Restrictive lung disease

Most interstitial lung diseases (ILD) occur in woman older than a child-bearing age (eg. pulmonary fibrosis), but some conditions may affect younger woman (eg. SLE, lymphangioleiomyomatosis). The reduced diffusion capacity may impair maternal oxygenation, making it difficult to meet the increased oxygen demands of late pregnancy. Pulmonary hypertension, which may complicate intersitial lung disease, increases the risk of pregnancy due to the inability of the right ventricle to meet demands for increased cardiac output. Women with ILD require close monitoring and may need supplemental oxygen therapy. Some drug therapy used for ILD may be acceptable during pregnancy (e.g. prednisone, azathioprine) but other drugs (e.g. cyclophosphamide, rituximab, mycophenolate mofetil) are usually avoided.

Abnormalities of the chest wall and muscles may reduce lung volumes, producing restrictive lung disease (eg. severe kyphoscoliosis, muscular dystrophy). As these women usually have normal underlying lungs, oxygenation is less of a concern. However, as pregnancy progresses the enlarging uterus may further reduce lung volumes and these women may not tolerate the increased ventilatory requirement of pregnancy, resulting in respiratory failure. Nevertheless, pregnancy is usually well tolerated despite significant pulmonary impairment. Labour and delivery may be complicated by difficult achieving epidural anesthesia due to spinal deformity, pelvic deformities affecting delivery, and the potential need for assisted delivery due to reduced pulmonary reserve.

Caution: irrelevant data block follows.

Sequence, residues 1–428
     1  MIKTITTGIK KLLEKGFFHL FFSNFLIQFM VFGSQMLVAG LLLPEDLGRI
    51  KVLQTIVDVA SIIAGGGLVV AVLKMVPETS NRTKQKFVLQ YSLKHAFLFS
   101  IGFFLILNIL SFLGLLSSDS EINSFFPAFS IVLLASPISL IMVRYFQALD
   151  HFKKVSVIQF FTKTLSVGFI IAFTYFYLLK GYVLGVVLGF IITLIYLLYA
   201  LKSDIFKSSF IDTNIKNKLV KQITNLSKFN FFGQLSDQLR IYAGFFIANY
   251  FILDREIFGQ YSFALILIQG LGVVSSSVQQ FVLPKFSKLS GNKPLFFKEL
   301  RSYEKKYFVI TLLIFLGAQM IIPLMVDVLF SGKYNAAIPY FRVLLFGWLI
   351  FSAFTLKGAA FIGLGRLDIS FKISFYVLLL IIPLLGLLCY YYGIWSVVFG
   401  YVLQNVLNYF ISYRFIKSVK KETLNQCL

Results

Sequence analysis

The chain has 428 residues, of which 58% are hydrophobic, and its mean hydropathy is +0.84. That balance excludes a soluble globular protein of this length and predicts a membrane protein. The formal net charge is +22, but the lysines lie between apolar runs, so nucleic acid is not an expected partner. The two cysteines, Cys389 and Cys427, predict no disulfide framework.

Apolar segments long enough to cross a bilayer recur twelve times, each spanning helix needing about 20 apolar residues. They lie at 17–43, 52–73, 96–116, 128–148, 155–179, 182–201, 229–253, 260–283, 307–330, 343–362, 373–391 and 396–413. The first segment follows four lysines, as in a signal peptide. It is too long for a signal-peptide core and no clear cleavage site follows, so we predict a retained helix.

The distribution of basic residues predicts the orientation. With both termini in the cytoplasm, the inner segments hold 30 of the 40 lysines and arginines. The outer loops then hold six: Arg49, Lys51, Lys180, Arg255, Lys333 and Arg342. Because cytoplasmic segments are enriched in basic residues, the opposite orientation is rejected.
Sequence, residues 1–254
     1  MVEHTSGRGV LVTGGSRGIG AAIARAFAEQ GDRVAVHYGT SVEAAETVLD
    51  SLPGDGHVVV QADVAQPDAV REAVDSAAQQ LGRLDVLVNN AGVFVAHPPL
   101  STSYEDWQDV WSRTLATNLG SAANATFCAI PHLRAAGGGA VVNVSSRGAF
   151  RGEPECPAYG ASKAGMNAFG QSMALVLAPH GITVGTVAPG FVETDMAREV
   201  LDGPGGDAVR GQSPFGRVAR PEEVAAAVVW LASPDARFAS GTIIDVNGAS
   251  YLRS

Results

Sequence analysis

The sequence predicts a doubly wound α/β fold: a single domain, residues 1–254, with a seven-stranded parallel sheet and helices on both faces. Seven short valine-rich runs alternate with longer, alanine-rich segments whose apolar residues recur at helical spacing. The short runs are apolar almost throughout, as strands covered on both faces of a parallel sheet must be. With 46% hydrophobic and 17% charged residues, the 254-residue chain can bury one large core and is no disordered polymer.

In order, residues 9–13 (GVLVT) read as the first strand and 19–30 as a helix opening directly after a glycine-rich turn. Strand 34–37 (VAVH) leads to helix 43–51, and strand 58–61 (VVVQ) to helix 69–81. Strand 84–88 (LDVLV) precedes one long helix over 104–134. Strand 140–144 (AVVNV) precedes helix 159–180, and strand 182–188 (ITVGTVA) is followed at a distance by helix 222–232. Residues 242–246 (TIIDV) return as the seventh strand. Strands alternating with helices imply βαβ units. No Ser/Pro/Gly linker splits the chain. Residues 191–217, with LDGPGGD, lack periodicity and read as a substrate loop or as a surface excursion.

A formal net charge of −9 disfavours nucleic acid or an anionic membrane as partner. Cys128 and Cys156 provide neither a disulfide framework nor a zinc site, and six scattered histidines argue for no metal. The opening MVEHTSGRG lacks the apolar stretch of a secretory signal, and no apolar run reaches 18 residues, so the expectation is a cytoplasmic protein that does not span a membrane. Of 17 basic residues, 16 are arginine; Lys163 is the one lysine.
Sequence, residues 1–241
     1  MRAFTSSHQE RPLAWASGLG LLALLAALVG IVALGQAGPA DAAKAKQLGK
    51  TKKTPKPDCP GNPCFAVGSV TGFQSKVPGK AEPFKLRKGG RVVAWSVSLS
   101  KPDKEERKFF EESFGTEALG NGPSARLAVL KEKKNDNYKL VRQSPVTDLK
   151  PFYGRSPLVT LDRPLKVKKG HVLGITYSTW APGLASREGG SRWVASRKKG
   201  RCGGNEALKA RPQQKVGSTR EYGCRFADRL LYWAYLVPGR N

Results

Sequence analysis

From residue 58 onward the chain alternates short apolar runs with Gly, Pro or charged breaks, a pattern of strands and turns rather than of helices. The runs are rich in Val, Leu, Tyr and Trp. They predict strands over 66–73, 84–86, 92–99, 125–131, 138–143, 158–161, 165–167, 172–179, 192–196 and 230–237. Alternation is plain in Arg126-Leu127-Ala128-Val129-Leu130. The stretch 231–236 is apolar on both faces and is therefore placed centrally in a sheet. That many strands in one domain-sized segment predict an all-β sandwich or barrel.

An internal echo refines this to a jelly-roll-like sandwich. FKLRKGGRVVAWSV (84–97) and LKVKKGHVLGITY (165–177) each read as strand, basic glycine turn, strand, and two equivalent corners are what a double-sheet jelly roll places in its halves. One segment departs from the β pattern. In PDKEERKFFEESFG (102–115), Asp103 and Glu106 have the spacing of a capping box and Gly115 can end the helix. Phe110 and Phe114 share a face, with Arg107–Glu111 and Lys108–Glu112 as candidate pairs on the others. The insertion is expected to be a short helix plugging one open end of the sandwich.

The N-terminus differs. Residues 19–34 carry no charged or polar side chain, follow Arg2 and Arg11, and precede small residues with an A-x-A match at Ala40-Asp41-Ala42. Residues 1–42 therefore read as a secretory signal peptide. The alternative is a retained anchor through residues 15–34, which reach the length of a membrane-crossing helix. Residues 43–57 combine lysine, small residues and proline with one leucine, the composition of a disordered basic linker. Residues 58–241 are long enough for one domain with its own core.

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References:

Freymond N, Cottin V, Cordier JF. Infiltrative lung diseases in pregnancy. Clin Chest Med. 32(1):133-46, 2011

Boggess KA, Easterling TR, Raghu G: Management and outcome of pregnant women with interstitial and restrictive lung disease. Am J Obstet Gynecol 173:1007–1014, 1995.

Lapinsky SE, Tram C, Mehta S, Maxwell CV. Restrictive lung disease in pregnancy. Chest 2014 (in press)

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